The Court found the proffered expert testimony in this case unpersuasive to say the least. A sociologist testified regarding “social framework” analysis, which allegedly showed that Wal-Mart’s corporate culture was susceptible to gender bias. But, the expert couldn’t “calculate whether 0.5 percent or 95 percent of the employment decisions at Wal-Mart might be determined by stereotyped thinking.” No glue. In fact, it is questionable whether his testimony was even properly admitted.


The Court used the Wal-Mart case as an example of a class with no glue. As discussed previously, it also provides some hints about where future classes may find some.

Phil Miles is an attorney in McQuaide Blasko’s Labor and Employment Law Practice Group and publisher of Lawffice Space, an employment law blog.

Posted by Philip Miles on 06/26 at 10:08 PM
Class ActionsEmployment LawSex Discrimination
Monday, June 20, 2011

Facebook Firing, Twitter Next?

You may remember that recently an employee was fired from her job for her CT employer AMR for posting negative information about her supervisor on her Facebook page. The case received notoriety because the firing caused the NLRB to file a charge against the company alleging that the company had violated the NLRA by firing this employee and by maintaining a social media policy that the NLRB claimed was overbroad.

Well, a similar case has now arisen involving an employee that was fired for comments he posted on Twitter or shall we call them for his “Tweets”. The Regional Director filed a charge against the company for this firing alleging that the firing violated the NLRA. However, the NLRB gave us some insight into the difference between the two cases (without actually discussing the Facebook Firing case) in an Advice Memorandum issued on April 21, 2011 by Barry J. Kearney, Associate General Counsel in the NLRB’s Division on Advice in which he advised the Regional Director to dismiss the charge against the employer.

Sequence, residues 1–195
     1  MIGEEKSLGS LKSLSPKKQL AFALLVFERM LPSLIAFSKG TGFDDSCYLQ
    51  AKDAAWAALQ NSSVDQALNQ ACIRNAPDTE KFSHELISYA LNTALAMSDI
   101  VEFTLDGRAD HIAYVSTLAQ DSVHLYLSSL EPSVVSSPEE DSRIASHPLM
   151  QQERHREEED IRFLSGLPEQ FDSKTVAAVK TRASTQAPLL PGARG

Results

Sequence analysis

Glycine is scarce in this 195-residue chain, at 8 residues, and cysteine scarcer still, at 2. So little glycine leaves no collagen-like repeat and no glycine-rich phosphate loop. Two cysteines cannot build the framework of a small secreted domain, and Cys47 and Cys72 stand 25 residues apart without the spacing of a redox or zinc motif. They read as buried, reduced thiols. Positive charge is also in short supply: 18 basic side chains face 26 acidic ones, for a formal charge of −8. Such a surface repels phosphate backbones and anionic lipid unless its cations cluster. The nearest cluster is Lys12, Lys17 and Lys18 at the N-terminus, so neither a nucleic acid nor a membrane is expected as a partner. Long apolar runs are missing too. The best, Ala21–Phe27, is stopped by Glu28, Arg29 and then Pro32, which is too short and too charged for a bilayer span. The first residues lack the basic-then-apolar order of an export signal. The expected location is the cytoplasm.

In the Facebook Firing case, the employee was actually engaging in “concerted activity” on Facebook and this is what she was fired for. What does it mean that she was engaging in “concerted activity”? Well, it means that she was having a discussion on Facebook with her work friends and they were discussing her supervisor and her terms and conditions of employment. This is no different than standing around the water cooler talking with her co-workers about her supervisor and job and this is activity that the National Labor Relations Act protects. She cannot be fired for having these conversations. So the fact that they may have happened on Facebook rather than at the water cooler is irrelevant. As far as the NLR B is concerned, they are still protected.